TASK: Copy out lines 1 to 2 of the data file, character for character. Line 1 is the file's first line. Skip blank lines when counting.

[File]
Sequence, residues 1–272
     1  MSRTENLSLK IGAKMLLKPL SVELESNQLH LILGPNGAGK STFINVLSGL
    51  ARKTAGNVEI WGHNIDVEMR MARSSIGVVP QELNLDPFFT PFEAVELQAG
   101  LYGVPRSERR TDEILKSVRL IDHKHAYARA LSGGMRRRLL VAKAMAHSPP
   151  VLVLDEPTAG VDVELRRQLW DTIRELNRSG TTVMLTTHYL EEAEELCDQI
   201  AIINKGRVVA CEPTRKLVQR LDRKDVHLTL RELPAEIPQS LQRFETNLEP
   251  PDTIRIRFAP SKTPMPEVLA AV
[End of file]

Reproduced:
Sequence, residues 1–272
     1  MSRTENLSLK IGAKMLLKPL SVELESNQLH LILGPNGAGK STFINVLSGL